Archive for samsung
Barnes and Noble has collaborated with Samsung for the latest generation Nook tablet. Samsung provided the hardware and B&N designed custom reading apps for Android, which gives users a very unique experience. How does this new device compare to the Nook HD or Nook Tablet and is it a viable upgrade?
The Samsung Galaxy Tab 4 Nook features a seven inch capacitive touchscreen display with a resolution of 1280 x 800. The resolution overall is a big of a downgrade from the Nook HD, but not enough to be noticeable for your average user.
Underneath the hood is a 1.2 GHZ quad-core processor, 1.5GB of RAM and 8GB of storage, plus support for MicroSD (up to 32GB) The Samsung Galaxy Tab 4 Nook features a 3Mp rear camera and 1.3Mp front-facing webcam, with the former capable of 720p video recording at 30fps. This is the first time a Nook device will have front and rear cameras.
The Samsung Galaxy Tab 4 Nook measures 186.9x9x107.9mm and weighs 276g. Part of this weight comes from the 4000mAh battery, claimed to allow for up to 10 hours of video, 190 hours of audio, or 10 hours of internet usage.
When it comes to the audio experience there is a single speaker on the back, but it is in stereo. This allows you to listen to audiobooks, music, video or the read aloud feature in kids books.
Barnes and Noble tried to stem the tide of constant financial losses in their Nook division by outsourcing the hardware to Samsung. This is a double edged sword because there is no Nook branding on the tablet at all. If the device is totally powered down, you would have no idea that it is anything else but a Samsung Galaxy Tab 4.
Every single tablet that Barnes and Noble has even released ran a heavily skinned version of Google Android. This was the same tactic that both Amazon and Kobo employed to make their devices stand out in the crowd. The Samsung Galaxy 4 Nook is the first time users get a vanilla Android experience, allowing them to install live wallpapers and even change their keyboards.
Instead of heavily augmenting Android, Barnes and Noble has firmly embraced it. They company has developed a series of custom apps that get users participating in the booksellers ecosystem. There is a dedicated store, Nook Video, Library, eBook Reading Apps, Nook Search, custom settings menu and the ability to view all of the notes and annotations you have ever made.
One of the strongest benefits of the new Samsung tablet is the ability to finally download apps from outside the US and UK. The Nook App Store used to lock customers out of purchasing or downloading apps, due to geolocation. This seems to be disabled in the new Nook, which allows users to download apps not only from B&N but also Google Play. The only limitation placed on customers is Nook Video, you still have to be in the US to buy or rent videos or television shows.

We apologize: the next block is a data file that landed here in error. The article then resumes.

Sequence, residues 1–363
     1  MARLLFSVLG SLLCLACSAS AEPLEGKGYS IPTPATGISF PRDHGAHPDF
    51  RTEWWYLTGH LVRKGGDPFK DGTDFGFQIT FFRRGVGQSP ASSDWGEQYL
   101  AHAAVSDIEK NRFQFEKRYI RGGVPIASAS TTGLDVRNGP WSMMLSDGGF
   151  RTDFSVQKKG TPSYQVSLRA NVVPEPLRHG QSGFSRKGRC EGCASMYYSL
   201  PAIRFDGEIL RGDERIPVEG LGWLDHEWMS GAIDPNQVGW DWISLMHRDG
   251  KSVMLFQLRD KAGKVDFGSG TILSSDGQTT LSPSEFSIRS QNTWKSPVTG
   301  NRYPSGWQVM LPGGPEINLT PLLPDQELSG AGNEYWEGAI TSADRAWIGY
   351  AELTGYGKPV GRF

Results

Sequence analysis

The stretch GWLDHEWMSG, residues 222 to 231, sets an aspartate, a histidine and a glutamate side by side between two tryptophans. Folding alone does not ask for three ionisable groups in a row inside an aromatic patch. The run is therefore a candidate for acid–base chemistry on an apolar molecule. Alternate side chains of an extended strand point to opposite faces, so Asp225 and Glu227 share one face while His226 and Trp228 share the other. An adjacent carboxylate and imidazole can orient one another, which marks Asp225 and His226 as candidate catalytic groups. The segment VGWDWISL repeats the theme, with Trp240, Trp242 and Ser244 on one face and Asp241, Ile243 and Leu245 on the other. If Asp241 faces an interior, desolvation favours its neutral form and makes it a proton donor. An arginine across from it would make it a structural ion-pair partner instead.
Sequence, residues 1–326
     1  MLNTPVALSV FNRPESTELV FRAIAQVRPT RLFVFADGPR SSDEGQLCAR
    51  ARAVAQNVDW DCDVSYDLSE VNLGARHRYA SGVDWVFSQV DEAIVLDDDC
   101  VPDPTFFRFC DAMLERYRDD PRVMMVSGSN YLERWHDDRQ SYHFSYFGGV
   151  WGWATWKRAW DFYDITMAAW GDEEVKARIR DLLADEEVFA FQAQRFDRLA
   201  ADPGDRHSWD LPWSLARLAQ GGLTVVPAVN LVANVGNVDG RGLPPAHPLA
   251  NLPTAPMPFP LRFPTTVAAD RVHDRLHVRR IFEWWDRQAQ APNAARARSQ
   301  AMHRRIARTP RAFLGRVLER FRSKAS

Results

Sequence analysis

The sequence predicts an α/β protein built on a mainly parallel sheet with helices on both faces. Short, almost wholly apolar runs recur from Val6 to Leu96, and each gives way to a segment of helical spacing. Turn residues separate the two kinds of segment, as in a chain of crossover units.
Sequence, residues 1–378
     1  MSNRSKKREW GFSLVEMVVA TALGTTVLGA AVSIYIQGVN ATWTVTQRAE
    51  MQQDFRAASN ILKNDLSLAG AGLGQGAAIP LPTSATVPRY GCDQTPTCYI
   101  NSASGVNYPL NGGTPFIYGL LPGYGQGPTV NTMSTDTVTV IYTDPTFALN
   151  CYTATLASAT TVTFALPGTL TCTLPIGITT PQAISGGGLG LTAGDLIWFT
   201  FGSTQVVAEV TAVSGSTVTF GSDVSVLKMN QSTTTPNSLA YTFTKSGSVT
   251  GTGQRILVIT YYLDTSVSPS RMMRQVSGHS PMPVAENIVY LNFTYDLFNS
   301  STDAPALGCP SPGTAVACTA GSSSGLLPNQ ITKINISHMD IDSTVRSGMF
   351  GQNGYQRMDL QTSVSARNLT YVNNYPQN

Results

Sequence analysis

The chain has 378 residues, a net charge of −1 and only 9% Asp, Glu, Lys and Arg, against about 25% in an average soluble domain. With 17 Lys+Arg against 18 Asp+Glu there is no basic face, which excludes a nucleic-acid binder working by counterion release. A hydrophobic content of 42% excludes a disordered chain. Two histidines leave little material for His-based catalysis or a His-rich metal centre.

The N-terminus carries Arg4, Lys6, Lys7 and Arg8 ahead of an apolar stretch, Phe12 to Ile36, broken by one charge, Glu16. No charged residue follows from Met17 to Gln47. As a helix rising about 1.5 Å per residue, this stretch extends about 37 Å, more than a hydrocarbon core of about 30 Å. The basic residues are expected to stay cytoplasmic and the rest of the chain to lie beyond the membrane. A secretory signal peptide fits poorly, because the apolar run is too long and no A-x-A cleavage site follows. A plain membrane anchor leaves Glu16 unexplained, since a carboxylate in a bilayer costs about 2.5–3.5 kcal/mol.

The Home screen mainly comprises of all of your Nook Reading App, Nook Store and a bunch of official Google ones. Chrome, Gmail, Google Maps, Play and all of the standard Google apps are all included in a mini folder. If you swipe the screen from the right to the left on the edge of the bezel there is a side screen full of apps. By default, its all the official Google ones, but you can add or remove any of them there, adding to the customization capabilities.
The one thing I really want to focus on during this review is the Nook content and not really dwelling on the standard Android functionality.
The Nook Library houses all of the purchases you have made from Barnes and Noble. This includes eBooks, comics, magazines, newspapers, television shows. There is a shop button on the top right hand corner, which opens up their online store that sells all of the content.
eBooks are opened by the quintessential Nook app for Android, which has been available on Google Play for years. One of the things I always liked about reading on the Nook is the different backgrounds. Kobo and Kindle have always just had three different background colors, but Nook has six. You can easily change the bright white background to Sepia or different shades of off-white. This makes it easier to read in the dark, without having to strain your eyes. I also dig the way Nook handles animated page turns, wikipedia lookups and built in dictionary.
Magazines and Newspapers are opened via a special Nook for Magazine app that has been completely revised for this new Samsung model. The one thing I really like, aside from the animated page turns is “article view.” This strips away all of the images and CSS and turns a magazine into an eBook.
The Nook Shop was designed as a standalone app that lets you browse books, magazines, movies & TV, Kids, Apps, Newspapers and Comics. The only thing international users cannot access is media content, but all others are completely viable. The Home screen is curated content by the Nook team, currently they are hyping “Passion for Passion” and “Your Favorite Heroes.”
Nook Search is a standalone app that allows you to type in key terms that you want to look for in the shop. You can look at specific keywords, such as “post apocalyptic” or “Potter.” It will then give you a huge list of titles matching your search results in everything B&N offers in their store.
Nook Today scans all of the content you purchase or samples you access from the online store. It then gives you a recommended reading list, which helps with discovery. In addition, it remembers your results from Nook Search and also recommends similar titles.
The last unique aspect of the Samsung Galaxy Tab 4 Nook is the customized Nook Settings. Now it is important to note that you do have access to traditional Android settings too.
Nook settings allows you to control the way all of the dedicated Nooks apps behave. You can download alternative dictionaries and make them your default. Right now there is only six, but I was told more are on the way.